Is there a link between dog food an cancer? Many feel the answer is yes, and there is evidence to support this link.
Today’s post will look at some of the newest thinking on dog food and cancer.
First of all, a dog’s wild diet is quite different from that of a modern, commercial diet. In the wild, a meal was composed of mainly protein, with very little fat, and a small amount of vegetable (plant) matter. Bones supplied calcium and phosphorus, and internal organs provided vitamins.
This diet had almost no carbohydrates. There was no cooking involved. No preservatives were used. The wild diet did not have any added oils like corn oil.
Here’s a bird’s eye summary on the latest linking dog food and cancer.
First, in preparing commercial food, it is heated at high temperatures. The same can be said about cooking food in the kitchen at high temperatures. This process produces potent carcinogens called acrylamide and heterocyclic amines, known carcinogens.
Second, carbohydrates which are turned into simple sugars are now known to be cancer cell’s preferred fuel. Cancers have a particular type of metabolism that thrive on sugar intake. By providing a diet rich in carbohydrates, we are also supplying cancer cell fuel.
Is it true that preservatives can cause cancer? In some cases the answer is yes. Nitrates and nitrites are not carcinogenic by themselves. However, they change in the intestine by combining with other substances to make N-nitroso compounds. These are potent carcinogens.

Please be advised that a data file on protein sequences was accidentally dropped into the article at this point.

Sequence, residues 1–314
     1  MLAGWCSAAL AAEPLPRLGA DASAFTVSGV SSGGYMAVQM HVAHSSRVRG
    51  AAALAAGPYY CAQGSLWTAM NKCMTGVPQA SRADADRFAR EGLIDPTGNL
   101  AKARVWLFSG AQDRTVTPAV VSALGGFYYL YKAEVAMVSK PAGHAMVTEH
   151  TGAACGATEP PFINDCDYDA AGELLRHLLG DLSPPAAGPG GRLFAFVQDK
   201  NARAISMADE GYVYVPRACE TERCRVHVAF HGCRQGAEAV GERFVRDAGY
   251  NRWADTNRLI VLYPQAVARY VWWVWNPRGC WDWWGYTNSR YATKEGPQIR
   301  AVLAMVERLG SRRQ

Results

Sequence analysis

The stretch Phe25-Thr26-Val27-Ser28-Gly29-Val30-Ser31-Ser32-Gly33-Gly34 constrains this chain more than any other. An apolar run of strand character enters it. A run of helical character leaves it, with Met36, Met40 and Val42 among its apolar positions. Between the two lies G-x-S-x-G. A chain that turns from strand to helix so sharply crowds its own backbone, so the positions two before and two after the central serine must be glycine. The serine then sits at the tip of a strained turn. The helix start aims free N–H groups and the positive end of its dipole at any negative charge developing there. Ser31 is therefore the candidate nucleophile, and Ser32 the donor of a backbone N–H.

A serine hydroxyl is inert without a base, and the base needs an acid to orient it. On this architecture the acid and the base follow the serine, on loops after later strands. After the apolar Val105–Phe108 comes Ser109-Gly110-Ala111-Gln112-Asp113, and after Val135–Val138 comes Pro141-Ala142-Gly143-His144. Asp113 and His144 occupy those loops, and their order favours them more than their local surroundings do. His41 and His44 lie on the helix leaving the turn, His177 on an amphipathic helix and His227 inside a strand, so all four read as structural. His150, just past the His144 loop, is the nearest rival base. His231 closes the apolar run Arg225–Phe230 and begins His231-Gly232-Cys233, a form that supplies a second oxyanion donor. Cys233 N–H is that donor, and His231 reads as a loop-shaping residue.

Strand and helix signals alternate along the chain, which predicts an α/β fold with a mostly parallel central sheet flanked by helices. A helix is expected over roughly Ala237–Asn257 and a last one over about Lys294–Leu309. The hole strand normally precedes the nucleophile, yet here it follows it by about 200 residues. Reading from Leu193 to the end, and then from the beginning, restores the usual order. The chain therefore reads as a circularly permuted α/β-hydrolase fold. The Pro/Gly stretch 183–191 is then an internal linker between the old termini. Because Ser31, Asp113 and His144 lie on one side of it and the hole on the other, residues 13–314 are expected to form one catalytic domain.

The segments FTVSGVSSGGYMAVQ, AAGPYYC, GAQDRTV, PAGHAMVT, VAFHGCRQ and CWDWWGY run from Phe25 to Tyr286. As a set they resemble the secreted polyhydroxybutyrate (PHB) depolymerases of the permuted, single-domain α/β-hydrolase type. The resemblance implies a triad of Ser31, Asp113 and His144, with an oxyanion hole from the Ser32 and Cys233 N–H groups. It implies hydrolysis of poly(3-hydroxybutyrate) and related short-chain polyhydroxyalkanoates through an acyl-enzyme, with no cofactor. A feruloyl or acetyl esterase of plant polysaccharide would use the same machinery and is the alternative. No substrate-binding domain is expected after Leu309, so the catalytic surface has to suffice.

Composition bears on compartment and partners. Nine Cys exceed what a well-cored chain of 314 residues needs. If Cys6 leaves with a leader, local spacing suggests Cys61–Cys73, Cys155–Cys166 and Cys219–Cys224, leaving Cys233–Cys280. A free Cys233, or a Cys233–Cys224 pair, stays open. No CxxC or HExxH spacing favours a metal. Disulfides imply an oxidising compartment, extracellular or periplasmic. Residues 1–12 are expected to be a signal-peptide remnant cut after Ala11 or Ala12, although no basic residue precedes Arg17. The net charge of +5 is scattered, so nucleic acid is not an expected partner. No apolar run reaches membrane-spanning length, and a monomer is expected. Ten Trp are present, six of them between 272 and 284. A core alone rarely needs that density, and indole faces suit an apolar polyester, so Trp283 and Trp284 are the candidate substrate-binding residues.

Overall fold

To make matters worse, the oils found in most commercial diets (and in packaged, ready to eat foods for us humans), are rich in oils like corn oil, vegetable oil and beef fat. These oils contain very high amounts of a group of fats called omega-6 fatty acids. These oils increase inflammation in the body. There is now abundant evidence that cancer and inflammation are tightly connected.
Many dogs get overweight since their food is rich in calories. Obese dogs make less of a cancer-fighting hormone called adiponectin. Lean dogs make much more of this important hormone.
What’s the bottom line?
Foods that are human grade, cooked at low temperatures, low in added harmful oils, and fed in proper amounts is the way to go.
For more on dog food and other things tied to cancer development, check out The Dog Cancer Survival Guide.
Dr. Demian Dressler is internationally recognized as “the dog cancer vet” because of his innovations in the field of dog cancer management, and the popularity of his blog here at Dog Cancer Blog. The owner of South Shore Veterinary Care, a full-service veterinary hospital in Maui, Hawaii, Dr. Dressler studied Animal Physiology and received a Bachelor of Science degree from the University of California at Davis before earning his Doctorate in Veterinary Medicine from Cornell University. After practicing at Killewald Animal Hospital in Amherst, New York, he returned to his home state, Hawaii, to practice at the East Honolulu Pet Hospital before heading home to Maui to open his own hospital. Dr. Dressler consults both dog lovers and veterinary professionals, and is sought after as a speaker on topics ranging from the links between lifestyle choices and disease, nutrition and cancer, and animal ethics. His television appearances include “Ask the Vet” segments on local news programs. He is the author of The Dog Cancer Survival Guide: Full Spectrum Treatments to Optimize Your Dog’s Life Quality and Longevity. He is a member of the American Veterinary Medical Association, the Hawaii Veterinary Medical Association, the American Association of Avian Veterinarians, the National Animal Supplement Council and CORE (Comparative Orthopedic Research Evaluation). He is also an advisory board member for Pacific Primate Sanctuary.